Is Fortinet Destined for Greatness?

Investors love stocks that consistently beat the Street without getting ahead of their fundamentals, and risking a meltdown. The best stocks offer sustainable market-beating gains, with robust and improving financial metrics that support strong price growth. Does Fortinet (NASDAQ: FTNT  ) fit the bill? Let's take a look at what its recent results tell us about its potential for future gains.

What we're looking for
The graphs you're about to see tell Fortinet's story, and we'll be grading the quality of that story in several ways:

  • Growth: Are profits, margins, and free cash flow all increasing?
  • Valuation: Is share price growing in line with earnings per share?
  • Opportunities: Is return on equity increasing while debt to equity declines?
  • Dividends: Are dividends consistently growing in a sustainable way?

What the numbers tell you
Now, let's take a look at Fortinet's key statistics:

FTNT Total Return Price Chart

FTNT Total Return Price data by YCharts.

Criteria

3-Year* Change

Grade

Revenue growth > 30%

106.3%

Pass

Improving profit margin

(48.1%)

Fail

Free cash flow growth > Net income growth

131.5% vs. 7.1%

Pass

Improving EPS

(15.8%)

Fail

Stock growth (+ 15%) < EPS growth

141.8% vs. (15.8%)

Fail

Source: YCharts. *Period begins at end of Q1 2010.

FTNT Return on Equity Chart

FTNT Return on Equity data by YCharts.

Criteria

3-Year* Change

Grade

Improving return on equity

(87.6%)

Fail

Declining debt to equity

No debt

Pass

Source: YCharts. *Period begins at end of Q1 2010.

How we got here, and where we're going
Fortinet got off to a hot start, but it was tripped up by margin shrinkage, as the company's costs appear to be rising faster than its sales. That isn't enough to call this stock stale, but Fortinet earned only three out of seven passing grades. However, the company could gain a much better score next time around by focusing on the costs of doing business. How might Fortinet push its profit margins even higher over the next few quarters?

Fortinet has experienced a heightened level of cautiousness among its international customer base because of the financial turmoil roiling across Europe. That could be a worrisome portent of things to come, because the company is quite reliant on overseas customers -- almost three quarters of its revenues come from outside the U.S. That's less of a concern for competitors Sourcefire and Palo Alto Networks, which generate 33% and 40% of their business overseas, respectively, but it's also less of an opportunity for those companies.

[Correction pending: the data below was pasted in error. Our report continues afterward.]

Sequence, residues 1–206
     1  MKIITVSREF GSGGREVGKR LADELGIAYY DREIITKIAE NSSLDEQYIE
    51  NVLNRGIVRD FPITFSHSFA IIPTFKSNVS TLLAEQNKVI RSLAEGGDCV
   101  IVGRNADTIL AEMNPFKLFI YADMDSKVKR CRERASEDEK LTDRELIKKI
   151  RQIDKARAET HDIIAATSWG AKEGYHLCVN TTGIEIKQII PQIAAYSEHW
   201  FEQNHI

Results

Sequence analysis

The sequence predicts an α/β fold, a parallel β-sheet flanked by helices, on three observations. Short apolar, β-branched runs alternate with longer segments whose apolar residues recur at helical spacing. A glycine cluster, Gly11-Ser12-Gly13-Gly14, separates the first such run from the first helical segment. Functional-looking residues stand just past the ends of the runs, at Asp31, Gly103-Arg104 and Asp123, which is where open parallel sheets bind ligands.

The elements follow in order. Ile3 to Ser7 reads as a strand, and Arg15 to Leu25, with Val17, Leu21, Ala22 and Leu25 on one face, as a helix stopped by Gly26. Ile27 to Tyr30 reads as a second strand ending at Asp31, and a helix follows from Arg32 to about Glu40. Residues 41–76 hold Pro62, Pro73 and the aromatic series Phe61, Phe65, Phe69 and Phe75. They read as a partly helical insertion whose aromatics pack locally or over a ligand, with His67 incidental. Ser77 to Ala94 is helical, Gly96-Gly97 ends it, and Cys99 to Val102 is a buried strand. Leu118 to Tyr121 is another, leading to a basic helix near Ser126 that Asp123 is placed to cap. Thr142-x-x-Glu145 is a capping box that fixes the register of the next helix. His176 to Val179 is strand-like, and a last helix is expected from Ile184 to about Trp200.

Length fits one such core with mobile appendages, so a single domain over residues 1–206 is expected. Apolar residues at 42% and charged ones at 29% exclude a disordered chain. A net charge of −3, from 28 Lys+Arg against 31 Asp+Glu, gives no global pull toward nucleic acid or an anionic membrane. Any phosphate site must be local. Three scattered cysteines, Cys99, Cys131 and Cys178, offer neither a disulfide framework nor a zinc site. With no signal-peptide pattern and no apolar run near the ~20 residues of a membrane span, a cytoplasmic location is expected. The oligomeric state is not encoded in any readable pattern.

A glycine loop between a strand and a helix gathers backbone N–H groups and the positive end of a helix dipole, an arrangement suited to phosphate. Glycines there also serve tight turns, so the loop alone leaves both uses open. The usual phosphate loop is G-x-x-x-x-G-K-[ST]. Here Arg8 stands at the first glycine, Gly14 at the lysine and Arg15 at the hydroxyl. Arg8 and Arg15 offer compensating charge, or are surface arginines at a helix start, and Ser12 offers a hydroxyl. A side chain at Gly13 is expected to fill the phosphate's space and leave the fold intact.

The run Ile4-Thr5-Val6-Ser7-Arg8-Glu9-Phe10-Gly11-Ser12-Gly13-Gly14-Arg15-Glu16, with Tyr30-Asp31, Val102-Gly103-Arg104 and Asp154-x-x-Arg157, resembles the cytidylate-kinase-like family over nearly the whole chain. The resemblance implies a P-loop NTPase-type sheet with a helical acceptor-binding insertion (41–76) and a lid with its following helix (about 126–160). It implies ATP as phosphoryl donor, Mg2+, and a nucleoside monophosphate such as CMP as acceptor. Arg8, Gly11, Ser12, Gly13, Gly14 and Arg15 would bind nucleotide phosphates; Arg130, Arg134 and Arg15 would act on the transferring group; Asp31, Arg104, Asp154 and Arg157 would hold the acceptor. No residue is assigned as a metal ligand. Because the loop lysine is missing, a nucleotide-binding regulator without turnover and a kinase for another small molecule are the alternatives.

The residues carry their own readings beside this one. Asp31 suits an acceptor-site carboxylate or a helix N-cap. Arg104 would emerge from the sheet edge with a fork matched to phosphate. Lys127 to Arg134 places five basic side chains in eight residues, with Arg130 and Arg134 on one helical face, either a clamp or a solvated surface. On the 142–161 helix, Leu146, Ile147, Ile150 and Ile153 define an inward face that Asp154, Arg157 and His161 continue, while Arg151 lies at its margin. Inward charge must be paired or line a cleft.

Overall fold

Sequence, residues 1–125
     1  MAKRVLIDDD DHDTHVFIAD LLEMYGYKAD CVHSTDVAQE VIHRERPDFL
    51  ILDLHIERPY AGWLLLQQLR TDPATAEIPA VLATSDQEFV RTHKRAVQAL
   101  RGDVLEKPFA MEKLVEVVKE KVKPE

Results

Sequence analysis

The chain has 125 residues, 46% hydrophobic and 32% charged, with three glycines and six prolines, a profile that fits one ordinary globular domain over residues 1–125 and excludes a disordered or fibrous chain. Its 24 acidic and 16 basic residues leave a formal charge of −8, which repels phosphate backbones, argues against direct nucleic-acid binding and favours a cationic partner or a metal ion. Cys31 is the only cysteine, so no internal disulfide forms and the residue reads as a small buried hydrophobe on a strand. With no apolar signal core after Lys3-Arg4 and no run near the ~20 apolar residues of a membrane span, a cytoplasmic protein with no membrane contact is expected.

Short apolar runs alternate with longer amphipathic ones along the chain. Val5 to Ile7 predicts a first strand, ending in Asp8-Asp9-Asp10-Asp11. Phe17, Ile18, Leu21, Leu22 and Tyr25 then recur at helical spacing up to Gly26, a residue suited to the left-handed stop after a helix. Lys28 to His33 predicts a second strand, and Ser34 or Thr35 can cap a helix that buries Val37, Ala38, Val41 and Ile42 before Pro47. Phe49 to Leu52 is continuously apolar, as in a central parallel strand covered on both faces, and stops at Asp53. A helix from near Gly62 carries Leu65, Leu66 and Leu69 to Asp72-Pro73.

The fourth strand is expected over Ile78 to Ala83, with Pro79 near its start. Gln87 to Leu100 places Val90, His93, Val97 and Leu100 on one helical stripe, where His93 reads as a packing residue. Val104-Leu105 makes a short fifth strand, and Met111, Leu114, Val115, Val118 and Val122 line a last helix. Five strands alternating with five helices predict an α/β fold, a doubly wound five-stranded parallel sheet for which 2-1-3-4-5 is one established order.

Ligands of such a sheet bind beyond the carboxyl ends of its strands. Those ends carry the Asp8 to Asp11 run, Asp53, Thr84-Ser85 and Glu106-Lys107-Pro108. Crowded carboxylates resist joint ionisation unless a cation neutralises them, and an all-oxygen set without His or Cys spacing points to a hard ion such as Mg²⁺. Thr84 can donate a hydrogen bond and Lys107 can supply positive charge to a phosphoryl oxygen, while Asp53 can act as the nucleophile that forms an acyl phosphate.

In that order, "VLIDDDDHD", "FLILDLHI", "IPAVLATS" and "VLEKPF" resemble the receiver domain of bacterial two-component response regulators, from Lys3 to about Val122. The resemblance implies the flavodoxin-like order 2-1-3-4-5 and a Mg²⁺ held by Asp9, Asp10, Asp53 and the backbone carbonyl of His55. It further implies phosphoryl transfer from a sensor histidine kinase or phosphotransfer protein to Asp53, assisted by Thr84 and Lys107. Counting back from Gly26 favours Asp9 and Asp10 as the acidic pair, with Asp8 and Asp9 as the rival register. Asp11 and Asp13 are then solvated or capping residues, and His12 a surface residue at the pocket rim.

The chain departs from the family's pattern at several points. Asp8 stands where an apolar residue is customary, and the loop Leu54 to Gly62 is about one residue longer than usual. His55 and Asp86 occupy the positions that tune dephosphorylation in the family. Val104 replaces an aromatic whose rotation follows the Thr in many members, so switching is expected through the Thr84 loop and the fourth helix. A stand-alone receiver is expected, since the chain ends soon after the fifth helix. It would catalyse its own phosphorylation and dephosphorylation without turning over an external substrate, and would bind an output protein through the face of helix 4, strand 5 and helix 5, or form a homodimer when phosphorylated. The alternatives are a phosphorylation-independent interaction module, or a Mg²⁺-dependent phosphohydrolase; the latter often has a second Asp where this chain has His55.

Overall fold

Hackers and whistle-blowing employees have lately threatened not only business security, but national security, as well, highlighting the need for the protective measures that are Fortinet's specialty. Companies already spend billions to secure their computer networks and mitigate damage done by intruders, but it's never quite enough. Consequently, Fortinet is currently focused on gaining traction with large enterprises, primarily to handle cloud-based and mobile security. In addition to this, Fortinet recently acquired Coyote Point Systems, which provides application delivery control technology. Competitor Palo Alto has its own unique security technology, including the WildFire antivirus solution, and GlobalProtect firewall. The two companies might even benefit from a closer relationship, as they currently combine for less than $7 billion in market cap, less than half that of Symantec, the largest dedicated computing security company on the market.

According to the International Data Corporation, Fortinet has the largest year-over-year revenue growth (16.6%) among the top five network security-appliances vendors. That offers a potential buying opportunity for growth investors with a long-term view, but revenue alone won't cut it. Fortinet's got to control its costs to become a true cash-spinning technology superstar.

Putting the pieces together
Today, Fortinet has some of the qualities that make up a great stock, but no stock is truly perfect. Digging deeper can help you uncover the answers you need to make a great buy -- or to stay away from a stock that's going nowhere.

With the American markets reaching new highs, investors and pundits alike are skeptical about future growth. They shouldn't be. Many global regions are still stuck in neutral, and their resurgence could result in windfall profits for select companies. A recent Motley Fool report, "3 Strong Buys for a Global Economic Recovery," outlines three companies that could take off when the global economy gains steam. Click here to read the full report!


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